Mastercoin on TestNet

Testing is a hugely interesting topic for some, mainly developers, looking to develop some intuition about how a particular piece of software works to integrate into their use case. It is very helpful, therefore, that Bitcoin provides access to a ‘Testnet’ for the transmission and spending of transactions in a sandbox where Bitcoin Testcoins have no real value.

As this is hugely beneficial for normal Bitcoin developers, we at Mastercoin also realized the huge benefit for the developer community if we were able to send TestNet transactions in Mastercoin, which would reduce the cost to develop on our infrastructure.

Without further ado:

A guide to running TestNet for Mastercoin (A primer):

  • Download and build the latest hash/tag of MasterCore from Github here.
  • Run MasterCore in Testnet from the command-line, `./bitcoind -txindex -testnet`and allow it to sync to the furthest block (at time of writing, this is 262068). Command line output might result [2]
  • Check if you have any Bitcoin Testnet addresses with ‘./bitcoind listaccounts’and then ‘./bitcoind getaccountaddress’. You can also generate a TestNetaddress using vanitygen ( Testnet addresses start with an ‘m’, usually. Take note of this address.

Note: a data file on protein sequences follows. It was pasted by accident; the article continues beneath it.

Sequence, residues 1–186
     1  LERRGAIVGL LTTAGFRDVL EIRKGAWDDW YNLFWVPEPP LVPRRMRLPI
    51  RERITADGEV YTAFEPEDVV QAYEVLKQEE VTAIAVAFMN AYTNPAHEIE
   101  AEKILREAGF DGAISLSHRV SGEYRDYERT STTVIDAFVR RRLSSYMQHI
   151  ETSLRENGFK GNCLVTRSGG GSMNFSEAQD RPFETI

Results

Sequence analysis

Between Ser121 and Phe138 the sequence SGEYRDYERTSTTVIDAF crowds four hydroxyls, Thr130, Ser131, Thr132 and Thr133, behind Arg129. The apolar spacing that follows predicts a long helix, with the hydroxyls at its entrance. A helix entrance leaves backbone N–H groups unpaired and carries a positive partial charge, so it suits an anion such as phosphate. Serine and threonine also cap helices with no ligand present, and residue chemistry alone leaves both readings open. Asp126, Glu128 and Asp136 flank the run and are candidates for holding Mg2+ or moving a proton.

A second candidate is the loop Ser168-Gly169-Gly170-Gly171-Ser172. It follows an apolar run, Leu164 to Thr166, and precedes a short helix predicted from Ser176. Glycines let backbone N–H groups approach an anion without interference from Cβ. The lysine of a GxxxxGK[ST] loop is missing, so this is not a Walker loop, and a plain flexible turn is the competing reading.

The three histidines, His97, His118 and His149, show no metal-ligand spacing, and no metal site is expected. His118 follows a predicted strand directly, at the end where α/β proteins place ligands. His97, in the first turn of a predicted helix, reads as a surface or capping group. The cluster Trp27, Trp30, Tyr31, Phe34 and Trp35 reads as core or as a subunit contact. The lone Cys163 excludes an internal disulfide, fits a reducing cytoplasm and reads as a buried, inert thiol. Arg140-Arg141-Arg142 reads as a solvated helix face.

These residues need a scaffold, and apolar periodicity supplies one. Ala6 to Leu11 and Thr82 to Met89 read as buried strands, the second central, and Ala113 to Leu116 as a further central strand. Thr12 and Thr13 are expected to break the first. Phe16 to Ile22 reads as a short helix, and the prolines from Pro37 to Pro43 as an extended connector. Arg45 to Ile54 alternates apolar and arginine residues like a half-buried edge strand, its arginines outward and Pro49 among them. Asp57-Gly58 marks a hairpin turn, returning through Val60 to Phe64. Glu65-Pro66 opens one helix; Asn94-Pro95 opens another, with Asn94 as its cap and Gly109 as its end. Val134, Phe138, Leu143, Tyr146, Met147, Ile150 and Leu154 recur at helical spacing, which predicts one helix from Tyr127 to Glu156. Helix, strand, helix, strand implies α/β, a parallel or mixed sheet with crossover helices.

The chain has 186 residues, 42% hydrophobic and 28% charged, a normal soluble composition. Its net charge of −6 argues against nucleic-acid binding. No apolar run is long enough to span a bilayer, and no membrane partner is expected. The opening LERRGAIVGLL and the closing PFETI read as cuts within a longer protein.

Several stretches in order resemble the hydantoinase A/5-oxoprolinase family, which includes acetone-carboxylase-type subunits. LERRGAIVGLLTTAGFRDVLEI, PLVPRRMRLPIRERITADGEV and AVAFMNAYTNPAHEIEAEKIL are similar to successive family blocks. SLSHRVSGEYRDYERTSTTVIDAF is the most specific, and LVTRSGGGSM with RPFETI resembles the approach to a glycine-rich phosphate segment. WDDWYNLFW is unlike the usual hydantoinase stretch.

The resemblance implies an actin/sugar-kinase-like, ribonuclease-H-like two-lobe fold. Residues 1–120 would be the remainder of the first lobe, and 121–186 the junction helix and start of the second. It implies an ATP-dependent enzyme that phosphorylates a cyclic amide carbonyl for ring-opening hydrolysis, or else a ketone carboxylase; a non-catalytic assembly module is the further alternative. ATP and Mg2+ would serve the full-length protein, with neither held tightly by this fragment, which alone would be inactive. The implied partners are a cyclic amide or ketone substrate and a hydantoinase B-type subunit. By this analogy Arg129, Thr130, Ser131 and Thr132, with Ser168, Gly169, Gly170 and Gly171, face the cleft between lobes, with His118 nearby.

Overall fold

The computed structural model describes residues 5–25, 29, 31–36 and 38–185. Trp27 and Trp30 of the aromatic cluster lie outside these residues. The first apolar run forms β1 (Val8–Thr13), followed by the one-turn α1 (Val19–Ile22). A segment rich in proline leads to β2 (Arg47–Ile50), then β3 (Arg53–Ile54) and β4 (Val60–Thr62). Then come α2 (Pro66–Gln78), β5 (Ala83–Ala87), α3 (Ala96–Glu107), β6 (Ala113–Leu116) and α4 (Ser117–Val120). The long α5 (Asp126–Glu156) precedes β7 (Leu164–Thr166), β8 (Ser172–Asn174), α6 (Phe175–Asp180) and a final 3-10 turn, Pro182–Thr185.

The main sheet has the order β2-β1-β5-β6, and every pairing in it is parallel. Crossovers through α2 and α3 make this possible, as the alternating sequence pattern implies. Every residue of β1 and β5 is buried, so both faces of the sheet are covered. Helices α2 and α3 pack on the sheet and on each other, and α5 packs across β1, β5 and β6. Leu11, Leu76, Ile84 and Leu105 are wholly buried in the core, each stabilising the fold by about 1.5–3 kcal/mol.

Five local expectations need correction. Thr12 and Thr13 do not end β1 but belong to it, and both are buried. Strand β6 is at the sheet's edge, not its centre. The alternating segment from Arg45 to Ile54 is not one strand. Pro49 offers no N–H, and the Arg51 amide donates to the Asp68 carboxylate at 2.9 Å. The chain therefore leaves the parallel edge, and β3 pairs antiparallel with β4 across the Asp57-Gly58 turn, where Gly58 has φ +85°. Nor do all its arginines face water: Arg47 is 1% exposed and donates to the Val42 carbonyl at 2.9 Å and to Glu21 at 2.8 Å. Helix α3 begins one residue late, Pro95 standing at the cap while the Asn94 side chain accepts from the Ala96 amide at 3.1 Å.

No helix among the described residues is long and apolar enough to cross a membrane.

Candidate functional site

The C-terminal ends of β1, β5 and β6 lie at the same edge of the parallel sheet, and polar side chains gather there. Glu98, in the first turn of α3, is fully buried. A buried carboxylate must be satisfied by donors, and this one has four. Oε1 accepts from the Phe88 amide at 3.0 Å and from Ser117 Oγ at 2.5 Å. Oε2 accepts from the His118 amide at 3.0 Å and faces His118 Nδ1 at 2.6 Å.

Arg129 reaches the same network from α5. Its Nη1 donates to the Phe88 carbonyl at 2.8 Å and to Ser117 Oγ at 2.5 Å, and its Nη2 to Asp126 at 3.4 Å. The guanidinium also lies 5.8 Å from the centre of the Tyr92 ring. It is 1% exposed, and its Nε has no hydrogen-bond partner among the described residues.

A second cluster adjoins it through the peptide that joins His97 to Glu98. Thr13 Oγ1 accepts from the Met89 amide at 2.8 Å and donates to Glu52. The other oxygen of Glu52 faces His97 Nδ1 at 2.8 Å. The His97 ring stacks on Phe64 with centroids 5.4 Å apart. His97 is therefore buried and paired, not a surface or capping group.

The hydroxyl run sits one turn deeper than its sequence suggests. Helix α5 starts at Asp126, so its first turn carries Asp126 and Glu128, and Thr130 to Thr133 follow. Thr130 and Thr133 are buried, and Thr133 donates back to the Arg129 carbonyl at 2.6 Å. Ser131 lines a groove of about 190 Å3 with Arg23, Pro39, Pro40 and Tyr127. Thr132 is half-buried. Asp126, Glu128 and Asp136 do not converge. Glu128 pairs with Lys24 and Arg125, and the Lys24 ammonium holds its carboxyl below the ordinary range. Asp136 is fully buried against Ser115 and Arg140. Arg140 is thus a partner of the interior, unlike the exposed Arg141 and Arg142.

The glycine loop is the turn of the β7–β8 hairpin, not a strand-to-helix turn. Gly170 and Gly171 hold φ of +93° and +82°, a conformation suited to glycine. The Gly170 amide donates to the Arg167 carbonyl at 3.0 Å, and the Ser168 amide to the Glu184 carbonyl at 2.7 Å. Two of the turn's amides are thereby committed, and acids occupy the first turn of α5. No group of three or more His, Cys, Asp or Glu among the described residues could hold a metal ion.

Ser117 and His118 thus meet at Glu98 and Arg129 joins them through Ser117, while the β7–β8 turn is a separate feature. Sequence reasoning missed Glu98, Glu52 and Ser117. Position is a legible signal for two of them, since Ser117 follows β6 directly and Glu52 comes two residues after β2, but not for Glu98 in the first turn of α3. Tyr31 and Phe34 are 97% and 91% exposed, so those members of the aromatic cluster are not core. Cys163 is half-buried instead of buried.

•  Request some Testnet coins from the TestNet Faucet ( – Please do not abuse!)
  •  Add a file to ~/.bitcoin/testnet3/ called ‘mastercoin_balances.txt’.In this file enter your address, followed by your desired MSC amount, followed by a 0 [0]

You can send some MSC now using the following command (full list of commands are obtained using ‘./bitcoind help’):

`./bitcoind send_MP (your address) (their address) (amount-in-floating-point)`[1]

And that’s the quickstart guide for TestNet. There are numerous other commands suffixed with ‘_MP’ in the output of `bitcoind help`, feel free to test those out. Report bugs and difficulties to the repository directly if you locate any, and questions can be asked of the devs through either Github Issues, the mailing list, or directly through email.

[0] For example, the file contents would look like:

[1] Example of successful send on TestNet


[2] Example of debug output


Mastercoin on TestNet

Master Core beta on August 1st

You may have noticed that the countdown timer on has been changed. Not the deadline, but what is going to happen when the counter reaches zero.

August 1st is Mastercoin’s first birthday. And just as when something begins to grow up and it begins to get its legs, so does this metaphor. We have an opportunity to provide a better platform, upon which we can build better features. The developers have convinced me that if the focus were on a single implementation, the half of the time that is spent working out consensus would be regained. We realized how quickly developers could adapt and create new features upon this new platform. We realized we could build a better MetaDEx on this new platform.